Because of a grant, a group of 4-H youths acquired a green thumb this gardening season, growing nine large garden plots full of vegetables, fruits and herbs.
"When we started, our plan was to have just two plots (for the youths)," said Jennifer Pollard, county youth and outreach coordinator for ISU Extension."Since it was a new program we were going to start small and grow."
The youths, ranging in age from 9 to 13, had nine, 10 by 20 foot plots.
The purpose of the Youth Voice: Youth Choice Community Partner grant program is to help youths eat healthier and learn how to plant gardens at an early age. The grant is funded by Clarke County 4-H, master gardeners and the Walmart Foundation.
The grant was one of 15 awarded to Iowa communities. The $1,000 grant funding went toward the purchase of plants, seeds and other items needed for a garden. The money was also used to buy healthy snacks to encourage good nutrition habits.
The program was opened to 4-H'ers across the county. This year's participants were Marshal Curnes, Carter Smith, Riley Smith, Devon Devore, Molly Stuart, Madison Stuart, Lucas Henry, Craig Haltom, Kyle Haltom and Nathan Porter. "I wanted to learn how to garden really well," said Craig Haltom of his decision to join. "And try something new," added Nathan Porter.
The youths learned from local master gardeners Sue Wilder and Marilyn Dorland. Pollard also assisted with the program. They grew peppers, potatoes, cabbage, rhubarb, pumpkins, onions, green beans, watermelon, popcorn, herbs and more. They learned the various steps of gardening and had to meet regularly to keep the plants watered during the hot, dry weather.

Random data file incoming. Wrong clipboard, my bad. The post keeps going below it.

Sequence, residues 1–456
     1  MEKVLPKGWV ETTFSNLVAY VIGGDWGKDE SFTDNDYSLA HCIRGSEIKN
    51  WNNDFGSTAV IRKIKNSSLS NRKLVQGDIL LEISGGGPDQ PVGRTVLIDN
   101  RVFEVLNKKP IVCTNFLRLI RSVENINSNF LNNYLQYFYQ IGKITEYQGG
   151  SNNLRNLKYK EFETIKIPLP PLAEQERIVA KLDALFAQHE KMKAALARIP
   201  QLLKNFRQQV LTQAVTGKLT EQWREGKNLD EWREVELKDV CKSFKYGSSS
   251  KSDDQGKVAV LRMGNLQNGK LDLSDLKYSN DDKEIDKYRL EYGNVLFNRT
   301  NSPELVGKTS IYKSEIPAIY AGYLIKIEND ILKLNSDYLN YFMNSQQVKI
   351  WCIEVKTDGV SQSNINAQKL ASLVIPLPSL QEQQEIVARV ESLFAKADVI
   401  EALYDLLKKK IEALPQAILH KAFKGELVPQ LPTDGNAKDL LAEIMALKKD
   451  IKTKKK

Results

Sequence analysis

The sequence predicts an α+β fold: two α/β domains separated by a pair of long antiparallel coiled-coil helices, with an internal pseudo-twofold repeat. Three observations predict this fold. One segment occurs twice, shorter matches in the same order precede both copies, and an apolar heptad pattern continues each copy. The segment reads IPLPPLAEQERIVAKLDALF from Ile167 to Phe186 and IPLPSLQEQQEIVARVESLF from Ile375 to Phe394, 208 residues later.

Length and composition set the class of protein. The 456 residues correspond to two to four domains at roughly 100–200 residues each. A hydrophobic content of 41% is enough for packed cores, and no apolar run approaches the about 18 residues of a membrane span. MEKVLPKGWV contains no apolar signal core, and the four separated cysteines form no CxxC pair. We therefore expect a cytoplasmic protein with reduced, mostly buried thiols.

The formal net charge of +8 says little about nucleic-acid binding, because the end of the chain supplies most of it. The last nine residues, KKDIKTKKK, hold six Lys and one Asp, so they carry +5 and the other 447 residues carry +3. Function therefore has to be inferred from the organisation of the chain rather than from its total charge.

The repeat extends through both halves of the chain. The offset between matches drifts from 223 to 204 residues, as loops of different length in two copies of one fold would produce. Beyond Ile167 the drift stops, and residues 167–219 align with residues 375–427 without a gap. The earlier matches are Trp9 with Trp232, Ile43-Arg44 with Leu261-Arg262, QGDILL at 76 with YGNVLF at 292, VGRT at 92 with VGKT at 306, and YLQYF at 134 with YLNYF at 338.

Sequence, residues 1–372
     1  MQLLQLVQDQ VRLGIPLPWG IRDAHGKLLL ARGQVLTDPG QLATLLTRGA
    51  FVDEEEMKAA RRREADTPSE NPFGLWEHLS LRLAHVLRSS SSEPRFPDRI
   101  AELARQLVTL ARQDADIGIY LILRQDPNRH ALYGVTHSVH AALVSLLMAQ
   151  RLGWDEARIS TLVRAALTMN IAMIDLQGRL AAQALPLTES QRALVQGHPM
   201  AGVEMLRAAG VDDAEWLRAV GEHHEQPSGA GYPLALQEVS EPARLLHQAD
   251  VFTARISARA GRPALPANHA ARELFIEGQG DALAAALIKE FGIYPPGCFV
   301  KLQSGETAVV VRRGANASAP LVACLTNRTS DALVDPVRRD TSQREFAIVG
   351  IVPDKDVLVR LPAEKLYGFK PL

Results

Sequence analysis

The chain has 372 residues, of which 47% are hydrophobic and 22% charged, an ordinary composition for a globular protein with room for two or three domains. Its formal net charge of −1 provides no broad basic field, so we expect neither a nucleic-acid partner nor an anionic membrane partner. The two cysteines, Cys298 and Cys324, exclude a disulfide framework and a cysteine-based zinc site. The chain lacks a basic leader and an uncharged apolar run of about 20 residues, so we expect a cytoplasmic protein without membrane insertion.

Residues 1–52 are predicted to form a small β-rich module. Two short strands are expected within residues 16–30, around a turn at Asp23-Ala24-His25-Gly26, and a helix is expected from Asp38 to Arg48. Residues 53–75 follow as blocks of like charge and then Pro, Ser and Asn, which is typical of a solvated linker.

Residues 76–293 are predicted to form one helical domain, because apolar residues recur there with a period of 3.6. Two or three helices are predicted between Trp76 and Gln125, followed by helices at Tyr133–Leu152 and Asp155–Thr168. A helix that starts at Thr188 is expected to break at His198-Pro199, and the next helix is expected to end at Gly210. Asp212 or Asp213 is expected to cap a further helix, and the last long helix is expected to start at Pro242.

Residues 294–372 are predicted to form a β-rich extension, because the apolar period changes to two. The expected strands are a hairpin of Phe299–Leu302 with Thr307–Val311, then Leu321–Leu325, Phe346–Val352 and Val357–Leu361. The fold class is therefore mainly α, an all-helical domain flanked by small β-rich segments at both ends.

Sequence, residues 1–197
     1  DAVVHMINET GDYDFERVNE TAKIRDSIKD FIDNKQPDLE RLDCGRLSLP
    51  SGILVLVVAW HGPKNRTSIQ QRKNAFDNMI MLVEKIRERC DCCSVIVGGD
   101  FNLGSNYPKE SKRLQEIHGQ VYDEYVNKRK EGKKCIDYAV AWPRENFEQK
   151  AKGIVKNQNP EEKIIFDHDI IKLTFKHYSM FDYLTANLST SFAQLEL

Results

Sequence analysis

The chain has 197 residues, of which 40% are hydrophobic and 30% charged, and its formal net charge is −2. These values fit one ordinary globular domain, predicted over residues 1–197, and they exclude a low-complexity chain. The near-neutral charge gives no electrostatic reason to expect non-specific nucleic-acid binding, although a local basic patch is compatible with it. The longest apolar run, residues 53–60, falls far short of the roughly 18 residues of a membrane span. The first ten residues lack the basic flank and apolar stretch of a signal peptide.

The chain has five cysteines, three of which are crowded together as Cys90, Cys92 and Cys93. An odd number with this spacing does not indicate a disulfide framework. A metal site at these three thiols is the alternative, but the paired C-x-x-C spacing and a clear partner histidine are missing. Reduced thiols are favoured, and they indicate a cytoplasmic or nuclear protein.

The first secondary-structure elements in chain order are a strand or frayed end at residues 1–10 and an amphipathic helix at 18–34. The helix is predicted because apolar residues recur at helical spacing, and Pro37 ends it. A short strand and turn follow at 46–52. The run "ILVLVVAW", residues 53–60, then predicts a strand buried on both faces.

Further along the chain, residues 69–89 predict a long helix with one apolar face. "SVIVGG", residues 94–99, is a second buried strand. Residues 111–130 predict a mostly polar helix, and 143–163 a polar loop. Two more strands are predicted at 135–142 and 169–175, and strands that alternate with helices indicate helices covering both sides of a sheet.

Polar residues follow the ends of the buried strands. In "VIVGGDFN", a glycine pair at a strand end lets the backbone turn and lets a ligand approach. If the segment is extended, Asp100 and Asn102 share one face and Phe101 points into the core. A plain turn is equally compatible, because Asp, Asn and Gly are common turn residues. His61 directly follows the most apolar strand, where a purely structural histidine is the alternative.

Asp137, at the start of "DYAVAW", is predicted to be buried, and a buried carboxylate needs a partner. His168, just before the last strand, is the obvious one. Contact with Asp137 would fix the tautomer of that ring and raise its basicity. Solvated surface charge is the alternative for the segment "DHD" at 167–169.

The youths entered their produce at the Clarke County Fair. During the fair, some of the youths met Iowa Secretary of Agriculture Bill Northey, who stopped by the fairgrounds.
The youths took their produce to Osceola farmers market to tell the community about their project. They also donated some of their produce to the Osceola Senior Center. The grant requires the youths talk to other youth about the program, gardening and nutrition.
"We still need to talk to some more people and educate them about what we've been doing and maybe get them enthusiastic about it," said Haltom.
The leaders enjoyed the youths' enthusiasm for the program. "It was just fun to see their faces," said Wilder.
"The cutest comment I got from one of the kids was, 'I just think it's amazing. You put this seed, that looks dead, in the ground, you water it and up comes this plant and it grows and makes something that I can eat,'" said Dorland.
Pollard said it was fun to see the enthusiasm expand to the youths' families. "We had some families who got enthused about gardening because their child was participating in this, and they decided to get a garden themselves," she said.
Wilder, who applied for the grant, said she hopes to keep the program going next year if she's able to find funding.